When a business is involved in litigation, the business is generally still running, serving customers and clients, trying to make a profit, and otherwise continuing with its operations. While the officers and managers of the business are certainly paying attention to the lawsuit, they still have certain fiduciary duties they need to fulfill to the business. Even if the litigation is between business owners, all parties are still required to fulfill their obligations to the business and operate appropriately.
Fiduciary duties are obligations to operate in the best interest of another party, in this case, the business. So closing the business during litigation, refusing to operate, not going after contracts, and other actions taken during litigation to hurt the opposing party can be seen as a breach of fiduciary duty.
Duty of Care: This duty focuses on how decisions are made and directors and company owners are required to exercise care when making decisions on behalf of the business. This means considering all options and their consequences, getting advice when needed, and taking the time to gather data.
Duty of Loyalty: When you own or direct a business, you have a duty to be loyal to the interests of that business above your own interest. This duty largely focuses on conflicts of interest when you stand to benefit from a transaction with the business and making sure that the conflict is fully disclosed and appropriately approved. In a litigation setting, these types of conflicted transactions are often the source of the problem, so making sure that you follow corporate formalities and operate loyally on behalf of the business is important.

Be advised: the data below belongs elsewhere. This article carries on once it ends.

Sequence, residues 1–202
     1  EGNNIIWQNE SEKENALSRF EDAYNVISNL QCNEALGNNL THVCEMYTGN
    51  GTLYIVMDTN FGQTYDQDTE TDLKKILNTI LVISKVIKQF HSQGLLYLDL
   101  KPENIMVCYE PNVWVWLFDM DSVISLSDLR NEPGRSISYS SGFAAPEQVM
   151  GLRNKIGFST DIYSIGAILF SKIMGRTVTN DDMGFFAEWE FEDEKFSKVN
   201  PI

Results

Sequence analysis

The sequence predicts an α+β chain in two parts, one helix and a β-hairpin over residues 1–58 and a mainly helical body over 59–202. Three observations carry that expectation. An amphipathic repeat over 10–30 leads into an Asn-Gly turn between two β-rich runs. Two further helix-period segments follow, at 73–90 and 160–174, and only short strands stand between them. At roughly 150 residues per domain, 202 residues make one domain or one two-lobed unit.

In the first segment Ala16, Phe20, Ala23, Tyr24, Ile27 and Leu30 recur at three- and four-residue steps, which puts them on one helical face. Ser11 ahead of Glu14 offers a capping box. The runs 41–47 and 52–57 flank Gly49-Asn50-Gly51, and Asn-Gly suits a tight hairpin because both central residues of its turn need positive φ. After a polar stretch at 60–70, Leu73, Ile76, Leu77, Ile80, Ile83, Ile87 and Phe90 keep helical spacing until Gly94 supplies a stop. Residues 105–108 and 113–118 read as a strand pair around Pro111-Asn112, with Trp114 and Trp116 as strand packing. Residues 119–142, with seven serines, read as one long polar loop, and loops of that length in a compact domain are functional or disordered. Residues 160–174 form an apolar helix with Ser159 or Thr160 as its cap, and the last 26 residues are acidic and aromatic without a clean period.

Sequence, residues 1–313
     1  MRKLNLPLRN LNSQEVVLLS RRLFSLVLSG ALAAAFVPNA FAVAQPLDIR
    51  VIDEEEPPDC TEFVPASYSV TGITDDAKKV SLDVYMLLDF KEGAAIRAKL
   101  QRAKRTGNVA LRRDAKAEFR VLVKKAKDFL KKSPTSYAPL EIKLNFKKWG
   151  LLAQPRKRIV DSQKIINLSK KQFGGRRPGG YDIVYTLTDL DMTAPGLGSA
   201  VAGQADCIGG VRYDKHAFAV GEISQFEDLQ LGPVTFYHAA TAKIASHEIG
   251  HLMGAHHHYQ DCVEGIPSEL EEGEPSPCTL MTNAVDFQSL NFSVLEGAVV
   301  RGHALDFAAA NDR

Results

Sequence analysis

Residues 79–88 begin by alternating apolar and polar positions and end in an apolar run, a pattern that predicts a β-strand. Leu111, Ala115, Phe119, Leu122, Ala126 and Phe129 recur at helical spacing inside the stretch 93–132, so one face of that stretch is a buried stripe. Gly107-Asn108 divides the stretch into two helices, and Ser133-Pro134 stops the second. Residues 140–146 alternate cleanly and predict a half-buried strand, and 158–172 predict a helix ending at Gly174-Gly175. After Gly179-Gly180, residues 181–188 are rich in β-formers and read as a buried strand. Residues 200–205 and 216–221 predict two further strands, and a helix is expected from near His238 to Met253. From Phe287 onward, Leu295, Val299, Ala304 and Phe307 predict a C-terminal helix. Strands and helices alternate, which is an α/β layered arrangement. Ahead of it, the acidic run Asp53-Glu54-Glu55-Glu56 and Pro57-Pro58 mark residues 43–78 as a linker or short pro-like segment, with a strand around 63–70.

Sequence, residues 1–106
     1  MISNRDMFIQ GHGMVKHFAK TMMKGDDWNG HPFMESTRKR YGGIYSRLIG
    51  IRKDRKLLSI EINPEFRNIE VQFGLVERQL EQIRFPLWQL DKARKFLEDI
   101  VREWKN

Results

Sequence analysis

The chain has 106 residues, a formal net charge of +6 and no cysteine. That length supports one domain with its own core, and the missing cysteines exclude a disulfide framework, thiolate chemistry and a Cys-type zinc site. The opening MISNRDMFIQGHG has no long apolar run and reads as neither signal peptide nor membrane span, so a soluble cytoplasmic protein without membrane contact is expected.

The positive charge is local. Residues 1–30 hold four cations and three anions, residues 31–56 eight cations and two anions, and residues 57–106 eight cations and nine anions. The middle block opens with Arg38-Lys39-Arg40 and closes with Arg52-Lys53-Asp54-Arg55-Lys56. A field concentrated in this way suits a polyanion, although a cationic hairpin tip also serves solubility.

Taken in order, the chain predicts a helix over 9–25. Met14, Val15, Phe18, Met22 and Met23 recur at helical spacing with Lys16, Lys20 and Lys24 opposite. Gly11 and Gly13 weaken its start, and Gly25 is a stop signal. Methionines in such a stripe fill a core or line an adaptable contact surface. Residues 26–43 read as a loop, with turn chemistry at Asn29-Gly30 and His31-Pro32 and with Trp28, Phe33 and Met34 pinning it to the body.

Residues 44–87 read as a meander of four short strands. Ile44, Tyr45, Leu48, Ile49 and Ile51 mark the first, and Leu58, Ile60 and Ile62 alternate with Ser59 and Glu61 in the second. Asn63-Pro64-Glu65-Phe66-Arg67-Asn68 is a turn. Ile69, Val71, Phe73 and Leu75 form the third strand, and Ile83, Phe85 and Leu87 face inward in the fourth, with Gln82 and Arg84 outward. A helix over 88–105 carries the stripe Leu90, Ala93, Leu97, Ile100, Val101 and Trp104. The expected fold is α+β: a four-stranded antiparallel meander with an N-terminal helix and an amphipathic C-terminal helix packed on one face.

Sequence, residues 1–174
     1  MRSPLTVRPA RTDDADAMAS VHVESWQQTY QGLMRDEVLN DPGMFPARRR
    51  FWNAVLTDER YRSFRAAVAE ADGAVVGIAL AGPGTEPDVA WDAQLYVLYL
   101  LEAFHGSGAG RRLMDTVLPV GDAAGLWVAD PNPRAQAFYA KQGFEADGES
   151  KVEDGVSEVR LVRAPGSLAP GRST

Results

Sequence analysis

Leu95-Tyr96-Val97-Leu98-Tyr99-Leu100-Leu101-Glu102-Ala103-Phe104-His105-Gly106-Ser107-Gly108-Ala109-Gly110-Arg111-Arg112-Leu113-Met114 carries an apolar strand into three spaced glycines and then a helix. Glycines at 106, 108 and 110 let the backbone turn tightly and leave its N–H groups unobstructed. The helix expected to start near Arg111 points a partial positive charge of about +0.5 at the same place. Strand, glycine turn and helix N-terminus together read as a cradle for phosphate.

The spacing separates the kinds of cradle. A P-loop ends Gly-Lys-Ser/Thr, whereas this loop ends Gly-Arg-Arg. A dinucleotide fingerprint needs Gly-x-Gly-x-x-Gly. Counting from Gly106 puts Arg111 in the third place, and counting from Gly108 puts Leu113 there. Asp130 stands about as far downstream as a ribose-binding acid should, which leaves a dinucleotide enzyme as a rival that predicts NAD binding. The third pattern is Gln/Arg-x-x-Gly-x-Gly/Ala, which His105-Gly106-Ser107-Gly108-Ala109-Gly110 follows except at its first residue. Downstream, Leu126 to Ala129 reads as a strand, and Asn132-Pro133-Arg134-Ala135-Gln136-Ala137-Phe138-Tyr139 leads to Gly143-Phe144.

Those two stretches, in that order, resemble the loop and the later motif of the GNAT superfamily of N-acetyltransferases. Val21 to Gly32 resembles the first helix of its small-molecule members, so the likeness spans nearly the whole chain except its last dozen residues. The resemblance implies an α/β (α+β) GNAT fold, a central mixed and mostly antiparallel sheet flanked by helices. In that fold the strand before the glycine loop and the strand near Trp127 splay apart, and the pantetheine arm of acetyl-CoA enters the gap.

Duty of Good Faith: The third common fiduciary duty requires you to make decisions on behalf of the business in good faith. This means no moving assets out of the business due to litigation, making business decisions that negatively impact others because of the litigation, and again, operating the business in a way that serves the best interest of the business and all owners.
These duties are particularly important when there are multiple owners of a business or the business has shareholders that are not actively involved in the day to day operations and decision-making process of the business. When facing litigation, your business attorney will explain to you the different ways the litigation process may impact your business. Your attorney will also explain the fiduciary duties and how you can ensure that you continue to operate the business in good faith while still responding to and managing a lawsuit.
An experienced business litigation attorney such as the team from Dunn Law Firm is here to help. To discuss your case, reach out to the Dunn Law Firm by calling (435) 628-5405 and set up a free consultation today.